How to secure your ORDS service

Securing your Oracle Rest Data Services module only takes a couple of minutes.

As you can see in the video, this will be a fairly short how-to.

Assumptions

For this post, I’m going to assume:

  • You’re able to use SQL Developer.
  • You already have an ORDS module created that you want to secure.
  • You have at least a basic understanding of Roles, Privileges, Authentication and Authorization.

Test the Existing Service

Before we begin, I’ll test the current service with a curl command.

This returns a response with a status of “HTTP/1.1 200 OK” and a JSON object with an array of items.

 

Secure Your Service

First up I will create a Role and a Privilege that I’ll use to secure my service.

Create a Role
  1. Expand the schema connection and REST Data Services, if they are not already expanded.
  2. Right click on Roles.
  3. Click New Role…

  1. Enter a name for the role.  I’m using bc-role.
  2. Click Apply.

Create a Privilege
  1. Expand the schema connection and REST Data Services, if they are not already expanded.
  2. Right click on Privileges.
  3. Click New Privilege…

  1. Enter a name for the privilege.  I’m using bc-priv.
  2. Select the new role ‘bc-role’.
  3. Select the ORDS Module.  I’m using my Beacon module.
  4. Click Apply.

Be aware, this will only add security to the specific modules you select in the bottom section.  If you were to add a new module later and you want it to be covered with this privilege, you need to remember to edit this privilege and select it in the ‘Protect Modules’ selector.

Alternatively, you can use the ‘Protect Resources’ tab to apply security based on a URI pattern.

For my examples, I’m working from a VirtualBox VM and I have used ‘beacon’ as my schema alias.  So the base for all of my REST services in this schema would be

I entered the URI pattern

This will protect all ORDS services for this schema.  If I wanted to use this method to protect just an admin URI template in my beacon module (the full URI is https://localhost:8080/ords/beacon/beacon/admin), I would use a URI pattern like this

There are many more complex patterns you could use for your services, but for this post, I am only protecting the Beacon module so I am using the first example.

Test
This now returns a response with a status of “HTTP/1.1 401 Unauthorized”.
 

Access Your Service

I want to set up my ORDS module so it can be accessed by a third party application so I’ll set up OAuth 2.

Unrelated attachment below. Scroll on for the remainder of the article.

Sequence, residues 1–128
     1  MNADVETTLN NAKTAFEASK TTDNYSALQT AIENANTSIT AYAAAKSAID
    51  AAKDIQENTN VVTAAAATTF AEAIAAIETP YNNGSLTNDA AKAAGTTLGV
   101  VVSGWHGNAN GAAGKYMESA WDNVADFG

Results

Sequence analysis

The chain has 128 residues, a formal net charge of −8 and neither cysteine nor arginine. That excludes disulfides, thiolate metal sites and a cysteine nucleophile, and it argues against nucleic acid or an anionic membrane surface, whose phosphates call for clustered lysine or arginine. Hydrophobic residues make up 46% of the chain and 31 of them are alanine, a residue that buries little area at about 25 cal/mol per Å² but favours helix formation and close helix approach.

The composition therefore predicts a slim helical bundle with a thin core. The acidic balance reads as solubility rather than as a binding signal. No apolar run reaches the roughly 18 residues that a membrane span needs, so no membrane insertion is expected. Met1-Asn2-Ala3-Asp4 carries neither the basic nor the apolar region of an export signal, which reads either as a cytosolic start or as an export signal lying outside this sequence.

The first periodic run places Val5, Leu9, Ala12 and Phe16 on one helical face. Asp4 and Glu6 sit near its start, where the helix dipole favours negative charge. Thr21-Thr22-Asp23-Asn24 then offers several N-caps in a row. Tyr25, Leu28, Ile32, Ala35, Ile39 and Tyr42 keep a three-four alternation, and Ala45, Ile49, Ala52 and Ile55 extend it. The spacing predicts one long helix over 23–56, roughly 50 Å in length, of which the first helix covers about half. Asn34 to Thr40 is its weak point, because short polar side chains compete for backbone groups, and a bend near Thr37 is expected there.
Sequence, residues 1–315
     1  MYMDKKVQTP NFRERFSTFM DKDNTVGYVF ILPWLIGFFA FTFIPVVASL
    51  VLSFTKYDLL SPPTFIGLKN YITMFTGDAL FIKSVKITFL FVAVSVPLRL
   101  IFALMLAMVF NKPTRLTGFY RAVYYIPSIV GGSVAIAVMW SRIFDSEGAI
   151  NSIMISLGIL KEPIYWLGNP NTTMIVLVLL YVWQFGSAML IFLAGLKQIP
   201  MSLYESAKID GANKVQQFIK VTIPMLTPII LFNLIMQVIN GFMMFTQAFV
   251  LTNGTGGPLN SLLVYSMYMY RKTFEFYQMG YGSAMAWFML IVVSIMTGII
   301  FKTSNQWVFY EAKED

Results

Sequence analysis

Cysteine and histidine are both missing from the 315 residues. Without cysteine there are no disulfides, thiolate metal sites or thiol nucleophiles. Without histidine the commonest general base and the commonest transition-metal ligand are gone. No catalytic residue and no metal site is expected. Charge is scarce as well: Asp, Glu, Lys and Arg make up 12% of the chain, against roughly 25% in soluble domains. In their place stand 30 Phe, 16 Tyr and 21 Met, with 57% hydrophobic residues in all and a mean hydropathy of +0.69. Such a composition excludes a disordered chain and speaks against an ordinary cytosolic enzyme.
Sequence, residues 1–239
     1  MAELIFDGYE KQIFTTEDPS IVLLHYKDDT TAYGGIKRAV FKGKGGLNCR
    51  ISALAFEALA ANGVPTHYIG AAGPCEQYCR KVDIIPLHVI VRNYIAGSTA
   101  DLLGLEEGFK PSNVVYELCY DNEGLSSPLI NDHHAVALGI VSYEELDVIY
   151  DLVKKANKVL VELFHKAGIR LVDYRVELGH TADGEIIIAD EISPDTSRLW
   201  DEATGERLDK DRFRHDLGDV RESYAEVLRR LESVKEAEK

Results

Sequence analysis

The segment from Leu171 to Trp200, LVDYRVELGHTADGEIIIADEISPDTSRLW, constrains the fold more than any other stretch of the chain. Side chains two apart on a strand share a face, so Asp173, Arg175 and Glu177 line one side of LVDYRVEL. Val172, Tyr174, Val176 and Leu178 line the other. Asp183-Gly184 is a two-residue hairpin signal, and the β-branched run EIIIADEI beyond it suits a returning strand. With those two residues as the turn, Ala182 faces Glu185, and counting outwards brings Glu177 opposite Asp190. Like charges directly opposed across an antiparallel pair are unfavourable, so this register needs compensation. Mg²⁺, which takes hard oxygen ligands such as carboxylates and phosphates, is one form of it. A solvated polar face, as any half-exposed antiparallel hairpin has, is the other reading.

Create an OAuth 2 Client

Using the OAUTH PL/SQL Package, I will create an OAuth2 client using the privilege I created above.

Then I will grant the new OAUTH2 client the role I created above.

Test

In order to generate an access token, I need to get my client id and secret from the user_ords_clients table.

When you create an OAuth2 client, a REST service ‘/oauth/token’ is created for you that your applications can use to generate a bearer token using the above id and secret.

Notice that this token expires in 3600 seconds.  Once it expires, you would repeat the above call to generate a new token.

Now that I have an access_token I can include it in the Authorization header to access my secure ORDS service.  Notice that since this is a Bearer token I set the Authorization value to ‘Bearer <<my token>>’.

Example Usage

The following is an example of how to make secure REST calls from an external application after you’ve followed the above steps.

On the application server

Store the client_id and client_secret in environment variables.

In your application

Summary

Setting up security on your ORDS modules is quick and fairly easy.

OAuth2 is just one way to access your secured ORDS modules.  If you’d like to setup Basic Auth checkout this post by Jeff Smith.

Console the ORDS documentation for other examples and a much more in-depth explanation.

2 thoughts on “How to secure your ORDS service”

  1. Hi! Could you provide the code of a PL/SQL process to get the token (if previous one has expired), and use it to consume an APEX restful service?
    I really need help to do that.
    Thanks!

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